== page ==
Newspaper Reports, 1773
Saturday 9 January 1773
JANUARY 3, 1773.
WHEREAS I, FRANCIS WOODS, Bargeman, of the City of Oxford, have unlawfully scandalized John Betteris, of the same Place, by profanely swearing, and accusing him in a sinister Manner of an unnatural Crime; This is to certify to the Public, that the Accusation is as false as it is scandalous and that I think myself obliged to the said John Betteris, for his stopping a Prosecution at Law, on Condition of my asking his Pardon in this Public and Humble Manner.
The X Mark of FRANCIS WOODS.
Witness, JOHN KING.
13-15 January 1773
INTELLIGENCE from the PUBLIC OFFICE, BOW STREET. Wednesday, Jan. 13.
. . . One Holland, a Soldier, was accused by his son-in-law, a poor little boy about twelve years of age, with having committed a crime upon him of the most detestable nature. The boy appeared to have been injured in the most shocking manner, and infected with the venereal disease; he seemed very unwilling to complain of the wretch who was charged with this horrid offence, and greatly intimidated at the future treatment he should receive for declaring the truth. As the Surgeon who attended the boy could not appear, the matter was postponed to a further hearing. (Lloyd’s Evening Post) [The identical report appeared in the London Evening Post for 12-14 January. A very brief report appeared in the London Chronicle for 12-14 January.]
14 January 1773
Inteligence from the Public-Office in Bow-street.
A little boy of twelve years of age, a fifer, named Carrol, charged James Holland, (a soldier) his father in-law, with having attempted to commit sodomy upon his body, and injuring him with the foul distemper, the father-in-law cried bitterly, and protested his innocence. The matter was ordered for further examination, when the surgeon who dressed the boy in the hospital, could attend and give evidence. (Morning Chronicle)
16-19 January 1773
Tuesday, January 19. Stamford, who sent several letters to Mr. Church of Gray’s Inn, with a view to extort money, on pretence of not charging him with a destable crime, was on Saturday tried at Hicks’s-hall, convicted, and sentenced to transportation for seven years. (London Evening Post. The identical report appeared in the Morning Chronicle for 19 January.)
26 January 1773
Sunday evening a woman dressed in mens cloaths got into a gentleman's house at Kensington, where there was only a maid servant at home, whom she knocked down with the key of the street door, but her cries alarmed the neighbours, and the female adventurer was secured by Mr. Powel and others, who forced their entry into the house on hearing the cry of murder and thieves, &c. It is said that the person in custody is the wife of a Barber in Kensington, and that she was dressed in a suit of her husband's cloaths. (Morning Chronicle)
Tuesday 23 February 1773
Tuesday Mr. Williams, High Constable, attended by several Peace Officers, apprehended a number of gamesters, vagrants, common prostitutes, and other loose, idle, and disorderly persons in ~St. James's Park, who were all broughtr to Bow-street and dealt with according to law. Among the nuisances detected that night in the Park, was one of those detestable wretches called Sodomites, who frequent the Bird-cage-walk: This fellow had the assurance to pick up the High Constable, who immediately seized him by the collar and delivered him up to Justice; he was bound over to prosecute him. (Leeds Intelligencer)
Friday 18 June 1773
The 19th of October, 1767, Simon Stratford was committed to Clerkenwell Bridewell for an unnatural Crime, and the 9th of November escaped from the said Prison, and last Week was taken at Hoxton; a Reward of 50l. was offered by the Parish, and 20 Guineas by the late Keeper, who was murdered, for his apprehension. (Derby Mercury)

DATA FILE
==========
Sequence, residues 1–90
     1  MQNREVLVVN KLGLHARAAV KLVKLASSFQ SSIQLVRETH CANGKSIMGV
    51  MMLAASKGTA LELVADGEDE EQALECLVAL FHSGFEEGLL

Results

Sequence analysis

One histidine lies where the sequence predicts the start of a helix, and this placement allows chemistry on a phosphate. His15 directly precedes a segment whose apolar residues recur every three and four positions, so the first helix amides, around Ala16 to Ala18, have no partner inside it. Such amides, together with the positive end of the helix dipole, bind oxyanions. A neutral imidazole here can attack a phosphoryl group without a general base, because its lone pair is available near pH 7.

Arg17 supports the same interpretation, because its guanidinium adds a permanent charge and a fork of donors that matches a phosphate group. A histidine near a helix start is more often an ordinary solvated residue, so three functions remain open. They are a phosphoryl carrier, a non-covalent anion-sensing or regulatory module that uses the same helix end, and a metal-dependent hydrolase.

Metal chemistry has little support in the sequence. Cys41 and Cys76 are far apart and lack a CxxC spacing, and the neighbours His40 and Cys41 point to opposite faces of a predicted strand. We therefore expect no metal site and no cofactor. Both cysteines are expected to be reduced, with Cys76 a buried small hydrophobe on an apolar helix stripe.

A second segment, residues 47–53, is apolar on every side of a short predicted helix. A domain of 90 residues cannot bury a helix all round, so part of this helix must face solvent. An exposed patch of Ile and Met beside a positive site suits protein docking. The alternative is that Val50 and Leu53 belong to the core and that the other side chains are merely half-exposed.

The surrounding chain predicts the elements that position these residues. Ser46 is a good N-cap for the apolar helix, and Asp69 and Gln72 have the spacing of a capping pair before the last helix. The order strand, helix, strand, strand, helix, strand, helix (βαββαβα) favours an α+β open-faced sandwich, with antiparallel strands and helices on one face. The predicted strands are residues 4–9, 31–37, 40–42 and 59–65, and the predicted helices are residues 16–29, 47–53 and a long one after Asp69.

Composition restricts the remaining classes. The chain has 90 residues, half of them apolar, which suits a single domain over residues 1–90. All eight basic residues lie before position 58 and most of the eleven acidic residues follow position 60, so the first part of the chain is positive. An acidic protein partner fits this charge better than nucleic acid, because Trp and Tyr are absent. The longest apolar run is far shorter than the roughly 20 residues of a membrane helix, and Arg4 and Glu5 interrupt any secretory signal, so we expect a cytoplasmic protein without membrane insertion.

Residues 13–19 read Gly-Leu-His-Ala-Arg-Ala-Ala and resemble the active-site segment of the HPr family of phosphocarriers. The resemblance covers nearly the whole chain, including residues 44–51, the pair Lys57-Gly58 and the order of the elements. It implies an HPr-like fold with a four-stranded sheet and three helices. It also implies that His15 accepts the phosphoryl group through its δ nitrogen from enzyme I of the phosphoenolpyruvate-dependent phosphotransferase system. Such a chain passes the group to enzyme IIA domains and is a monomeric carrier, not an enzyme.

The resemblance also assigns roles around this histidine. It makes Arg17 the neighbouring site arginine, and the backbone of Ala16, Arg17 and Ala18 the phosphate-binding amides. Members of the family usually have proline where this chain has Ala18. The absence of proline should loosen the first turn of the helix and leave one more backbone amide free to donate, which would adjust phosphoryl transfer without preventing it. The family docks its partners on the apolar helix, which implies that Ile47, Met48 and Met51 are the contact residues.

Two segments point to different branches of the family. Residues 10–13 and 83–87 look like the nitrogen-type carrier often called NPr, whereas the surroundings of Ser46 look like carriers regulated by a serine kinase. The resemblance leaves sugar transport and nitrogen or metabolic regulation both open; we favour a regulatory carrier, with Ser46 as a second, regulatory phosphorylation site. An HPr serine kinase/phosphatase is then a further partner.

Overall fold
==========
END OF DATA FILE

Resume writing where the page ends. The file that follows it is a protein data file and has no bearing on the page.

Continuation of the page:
Saturday 19 June 1773
The 19th of October, 1767, Simon Stratford was committed to Clerkenwall Bridewell, for an unnatural crime, and the 9th of November escaped from the said prison, and last week was taken at Hoxton; a reward of fifty pounds was offered by the parish, and twenty guineas by the late keeper, who was murdered[,] for his apprehension. (Oxford Journal)
17-20 July 1773
Tuesday, July 20. Yesterday one John Smith was committed to the Poultry Compter by Sir William Stephenson, on the oath of Joseph Bridgeman, for attempting to commit an unnatural crime on him, at the Plough, in Fore-street. (London Evening Post)
Monday 19 July 1773
DIED. . . . Friday, . . . in Newgate, Leonard Gillet, charged with an unnatural crime, for which he was to have been tried yesterday. (Reading Mercury)
20-22 July 1773
Thursday, July 22. Died. ... Tuesday ... The same day, in Clerkenwell Bridewell, Mr. Stratford, the apothecary, formerly committed for an unnatural crime, but had made his escape, and was lately retaken. (London Evening Post)
Friday 30 July 1773
Tuesday Night died at his Apartment in Clerkenwell Bridewell, Mr. Stratford, an Apothecary, who was committed to that Prison formerly, charged with an unnatural Crime, but made his Escape and has since been re-taken; and Yesterday his Body was removed from thence in a Hearse. (Derby Mercuiry)
Wednesday 4 August 1773
At Huntingdon assizes, . . . Francis Rawlin, for an attempt to commit an unnatural crime, was ordered to stand in the pillory, and suffer three months imprisonment. (Kentish Gazette)
25-28 September 1773
Tuesday, Sept. 28. Yesterday a man was committed to the Poultry Compter by the Lord Mayor, for attempting to commit an unnatural crime in a meeting-house in this city; the clergyman belonging to the meeting was a material evidence against him. (London Evening Post)
CITATION: If you cite this Web page, please use the following citation:
Rictor Norton (Ed.), "Newspaper Reports, 1773",
Homosexuality in Eighteenth-Century England: A Sourcebook, 3 March 2005, updated 16 June 2005, enlarged 7 Dec. 2015, 2 Feb. 2016